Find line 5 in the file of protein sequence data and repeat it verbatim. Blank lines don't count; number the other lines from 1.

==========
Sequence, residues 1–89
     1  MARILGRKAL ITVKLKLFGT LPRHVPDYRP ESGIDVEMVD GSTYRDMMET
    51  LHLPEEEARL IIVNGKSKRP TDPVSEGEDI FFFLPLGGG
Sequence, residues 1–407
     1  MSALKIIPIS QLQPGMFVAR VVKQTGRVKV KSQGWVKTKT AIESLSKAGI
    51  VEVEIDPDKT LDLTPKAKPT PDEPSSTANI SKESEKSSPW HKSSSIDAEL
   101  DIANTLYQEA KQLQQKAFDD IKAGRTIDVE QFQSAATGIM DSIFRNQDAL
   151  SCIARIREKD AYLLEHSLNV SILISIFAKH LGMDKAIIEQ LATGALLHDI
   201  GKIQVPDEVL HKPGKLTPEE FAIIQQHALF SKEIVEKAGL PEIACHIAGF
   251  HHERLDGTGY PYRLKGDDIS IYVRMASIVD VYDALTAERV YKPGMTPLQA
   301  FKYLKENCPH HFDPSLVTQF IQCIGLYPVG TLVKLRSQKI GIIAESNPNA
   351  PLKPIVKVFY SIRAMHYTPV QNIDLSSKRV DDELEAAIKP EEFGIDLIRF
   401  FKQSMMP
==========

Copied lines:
     1  MSALKIIPIS QLQPGMFVAR VVKQTGRVKV KSQGWVKTKT AIESLSKAGI